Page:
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Private Parts

List Price: Unknown [Buy now and save at Amazon]

Review by Aaron Beierle | posted January 21, 2000 | E-mail the Author
In Short: Howard Stern's hilarious film - Paramount should have allowed for a special edition.

The Movie:

I've been listening to Howard Stern's radio show almost daily since I started college and have had to commute quite a ways to school. At first I was offended by what I heard, then I started laughing because most of what Stern talks about is so wonderfully, hilariously in bad taste that you can't help but laugh. The show celebrates that kind of humor, but even more than that, Stern is an honest interviewer, asking his guests questions that we all want to ask. I've been listening for about 3 years now, and still think he's putting on a funny show each morning, making me laugh so hard at times that many people on the train I take probably think I'm nuts or wonder what I'm listening to.

Around the time I first started listening, "Private Parts" came out, which was based on the best selling book that Stern wrote about his early years and his start in radio. The movie starts off looking at Howard's childhood, where he was yelled at by both his parents, especially his father, who called him a "moron". His parents are still frequently a topic of discussion on the show. We then advance to his college years, where he gets a first start on radio that doesn't go terribly well, as well as meeting his wife Alison. The film does incredibly well showing the relationship between the two, with Mary McCormack playing Alison well. We see the two break up, make up and be happy when one another succeeds. Although Stern has recently divorced his wife, the film does a very good job of showing the relationship through the best of times.

The second half of the film really focuses more on Stern's current radio career, such as when he first began working with his current sidekick, Robin Quivers, as well as the current staff. The rest of the crew, Fred Norris, Jackie Martling and Gary Dell'Abate have minor parts (Norris has gone on to small parts in other films such as "Cruel Intentions"). Also very funny is Stern's war with "Pig Vomit", a program director played by Paul Giamatti in a great performance which was one of his first on film.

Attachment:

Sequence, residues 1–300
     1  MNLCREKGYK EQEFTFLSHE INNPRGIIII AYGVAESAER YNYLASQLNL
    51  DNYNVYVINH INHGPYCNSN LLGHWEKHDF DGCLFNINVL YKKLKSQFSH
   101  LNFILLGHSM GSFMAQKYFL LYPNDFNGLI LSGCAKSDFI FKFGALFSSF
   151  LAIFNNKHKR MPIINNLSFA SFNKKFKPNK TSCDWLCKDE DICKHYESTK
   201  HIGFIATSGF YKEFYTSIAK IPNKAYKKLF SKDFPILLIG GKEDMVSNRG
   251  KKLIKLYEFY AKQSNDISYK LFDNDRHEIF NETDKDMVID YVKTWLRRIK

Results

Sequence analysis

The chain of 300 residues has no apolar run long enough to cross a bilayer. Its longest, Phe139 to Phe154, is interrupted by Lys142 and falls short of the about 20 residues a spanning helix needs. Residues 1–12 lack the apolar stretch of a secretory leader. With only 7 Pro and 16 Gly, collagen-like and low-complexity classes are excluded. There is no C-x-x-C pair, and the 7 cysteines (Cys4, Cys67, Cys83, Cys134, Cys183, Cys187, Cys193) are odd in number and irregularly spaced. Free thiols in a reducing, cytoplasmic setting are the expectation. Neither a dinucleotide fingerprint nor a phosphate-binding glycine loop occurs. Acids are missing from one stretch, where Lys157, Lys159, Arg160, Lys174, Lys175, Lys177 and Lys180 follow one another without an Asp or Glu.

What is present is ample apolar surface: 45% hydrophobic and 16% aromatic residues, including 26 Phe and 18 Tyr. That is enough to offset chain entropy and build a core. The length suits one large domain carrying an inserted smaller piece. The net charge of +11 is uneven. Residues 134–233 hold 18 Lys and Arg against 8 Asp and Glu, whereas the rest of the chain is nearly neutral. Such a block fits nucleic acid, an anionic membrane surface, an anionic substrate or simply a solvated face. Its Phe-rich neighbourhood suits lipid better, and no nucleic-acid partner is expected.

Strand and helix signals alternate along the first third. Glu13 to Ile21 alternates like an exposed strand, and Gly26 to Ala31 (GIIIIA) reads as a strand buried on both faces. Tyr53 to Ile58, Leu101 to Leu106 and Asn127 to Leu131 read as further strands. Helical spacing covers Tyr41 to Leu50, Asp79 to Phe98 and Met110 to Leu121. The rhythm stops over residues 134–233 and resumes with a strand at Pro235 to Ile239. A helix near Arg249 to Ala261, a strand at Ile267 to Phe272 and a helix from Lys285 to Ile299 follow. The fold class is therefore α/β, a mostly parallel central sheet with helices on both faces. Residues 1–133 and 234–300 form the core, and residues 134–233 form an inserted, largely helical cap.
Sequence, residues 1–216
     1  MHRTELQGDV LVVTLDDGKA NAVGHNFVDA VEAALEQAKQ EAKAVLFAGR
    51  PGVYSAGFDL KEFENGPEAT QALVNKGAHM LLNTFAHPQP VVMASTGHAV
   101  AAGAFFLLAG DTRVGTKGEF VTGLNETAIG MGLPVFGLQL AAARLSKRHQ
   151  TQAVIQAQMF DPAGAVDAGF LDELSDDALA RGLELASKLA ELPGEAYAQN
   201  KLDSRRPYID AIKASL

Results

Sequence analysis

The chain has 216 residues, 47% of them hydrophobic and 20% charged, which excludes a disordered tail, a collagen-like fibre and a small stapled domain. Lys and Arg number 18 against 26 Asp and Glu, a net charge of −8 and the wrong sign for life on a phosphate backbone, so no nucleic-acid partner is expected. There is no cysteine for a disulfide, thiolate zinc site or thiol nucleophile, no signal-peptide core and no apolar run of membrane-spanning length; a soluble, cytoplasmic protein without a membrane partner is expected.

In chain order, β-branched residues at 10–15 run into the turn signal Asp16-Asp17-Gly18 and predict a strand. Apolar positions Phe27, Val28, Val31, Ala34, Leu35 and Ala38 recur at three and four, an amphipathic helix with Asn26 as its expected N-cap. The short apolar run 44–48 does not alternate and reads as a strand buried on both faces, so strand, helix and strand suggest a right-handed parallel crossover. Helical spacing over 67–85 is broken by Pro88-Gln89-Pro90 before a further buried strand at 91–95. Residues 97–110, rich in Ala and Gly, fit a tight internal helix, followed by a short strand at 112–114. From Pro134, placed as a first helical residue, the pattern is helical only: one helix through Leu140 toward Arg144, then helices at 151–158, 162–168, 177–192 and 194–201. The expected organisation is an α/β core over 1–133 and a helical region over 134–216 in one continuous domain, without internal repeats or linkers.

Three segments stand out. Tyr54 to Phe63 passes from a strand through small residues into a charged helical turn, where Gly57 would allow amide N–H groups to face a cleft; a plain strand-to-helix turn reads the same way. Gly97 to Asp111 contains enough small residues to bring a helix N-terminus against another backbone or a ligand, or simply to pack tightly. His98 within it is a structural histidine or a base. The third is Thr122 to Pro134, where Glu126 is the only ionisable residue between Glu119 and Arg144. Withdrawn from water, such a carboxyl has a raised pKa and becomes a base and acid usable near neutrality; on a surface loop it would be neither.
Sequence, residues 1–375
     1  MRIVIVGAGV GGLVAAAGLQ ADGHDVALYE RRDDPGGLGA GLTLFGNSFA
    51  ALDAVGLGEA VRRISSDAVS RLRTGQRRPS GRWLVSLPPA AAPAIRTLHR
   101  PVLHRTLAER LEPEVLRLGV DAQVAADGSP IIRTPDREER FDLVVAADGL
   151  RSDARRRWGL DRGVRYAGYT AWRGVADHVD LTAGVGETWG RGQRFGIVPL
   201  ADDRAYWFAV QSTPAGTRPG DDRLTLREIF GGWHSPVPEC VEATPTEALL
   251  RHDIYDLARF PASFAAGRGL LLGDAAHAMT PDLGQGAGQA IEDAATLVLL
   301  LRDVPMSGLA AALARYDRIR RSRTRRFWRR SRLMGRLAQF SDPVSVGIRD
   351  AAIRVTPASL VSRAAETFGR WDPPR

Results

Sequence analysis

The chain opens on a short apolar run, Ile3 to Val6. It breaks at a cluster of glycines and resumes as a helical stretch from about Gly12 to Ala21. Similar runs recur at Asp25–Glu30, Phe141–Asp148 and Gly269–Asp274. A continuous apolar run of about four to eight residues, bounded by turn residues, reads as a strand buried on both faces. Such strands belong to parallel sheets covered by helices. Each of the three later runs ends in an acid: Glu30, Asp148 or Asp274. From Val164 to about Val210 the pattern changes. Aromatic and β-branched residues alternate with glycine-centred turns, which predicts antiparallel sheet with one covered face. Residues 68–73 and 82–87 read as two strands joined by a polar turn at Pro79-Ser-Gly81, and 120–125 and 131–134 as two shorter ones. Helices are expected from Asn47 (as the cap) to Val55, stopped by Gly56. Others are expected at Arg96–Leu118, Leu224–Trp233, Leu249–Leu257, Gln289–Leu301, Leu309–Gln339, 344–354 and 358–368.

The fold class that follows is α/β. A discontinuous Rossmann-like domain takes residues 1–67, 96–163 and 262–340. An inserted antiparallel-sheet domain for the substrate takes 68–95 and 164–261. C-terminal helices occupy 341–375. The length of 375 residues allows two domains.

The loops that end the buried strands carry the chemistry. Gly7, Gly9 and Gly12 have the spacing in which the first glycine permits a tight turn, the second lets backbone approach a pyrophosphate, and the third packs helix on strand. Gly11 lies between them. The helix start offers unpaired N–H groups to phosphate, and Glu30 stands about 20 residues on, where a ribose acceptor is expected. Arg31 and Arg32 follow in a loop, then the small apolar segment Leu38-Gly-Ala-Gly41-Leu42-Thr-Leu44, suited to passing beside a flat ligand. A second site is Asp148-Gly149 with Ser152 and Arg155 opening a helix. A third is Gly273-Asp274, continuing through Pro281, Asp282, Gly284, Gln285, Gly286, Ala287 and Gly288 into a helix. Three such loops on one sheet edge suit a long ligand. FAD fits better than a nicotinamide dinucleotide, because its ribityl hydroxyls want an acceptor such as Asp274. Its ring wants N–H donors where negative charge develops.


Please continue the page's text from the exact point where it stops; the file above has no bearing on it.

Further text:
What really holds it together, besides excellent performances, is a fine script and great direction by Betty Thomas("Dr. Dolittle"). The movie is generally good natured without lacking Stern's sense of humor. It walks the perfect line between the two sides and I found most of it, and still do, very funny. A suprisingly great film, and one hopes that Stern will do more acting in whatever film role he takes next, which looks likely to be a movie based on his "Fartman" character, which I believe is written by the same writer as "Private Parts". Whatever he plans next, he'll always have a quality picture in "Private Parts".

The DVD

VIDEO: This is an earlier Paramount title and like most of Paramount's earlier titles, this is a non-anamorphic transfer that looks to have been taken from the same material that was used for the laserdisc edition. While the laserdisc edition was very good looking for that format, the DVD edition only looks okay, but not as good as the image could look in the DVD format. Although most of it is clear and pleasing at a basic level, it doesn't look terribly sharp, with some scenes looking on the soft side. Detail is basically passable, but not great. It's not a terribly colorful picture, but colors generally look natural and don't exhibit any flaws such as bleeding. Flesh tones are natural, as well. There aren't many flaws aside from some slight shimmer, but overall, this remains a mediocre looking picture that would have gained improvement if it was anamorphic.

SOUND: Not terribly active in the audio department, the surrounds hardly get much of a chance to do any work during the picture. Dialogue is always clear and easily understood, and there are some hard rock songs that sound fine on occasion throughout the movie. Nothing great, but basically enjoyable.

MENUS:: Very basic main menus based on the cover art.

EXTRAS: Stern reportedly wanted to put together a special edition of this film, but Paramount would not let him. Unfortunately, they haven't included anything with this release. There's not even a trailer.



Final Thoughts Although it's not a special edition, the film is good enough to recommend at least a rental, or a purchase if it can be found online for less than retail. The final grade unfortunately suffers because of total lack of extra features. Paramount was silly not to put together a special edition - Stern has millions of fans that would have certainly bought a special edition and would have been happier with one than this basic edition of the movie.

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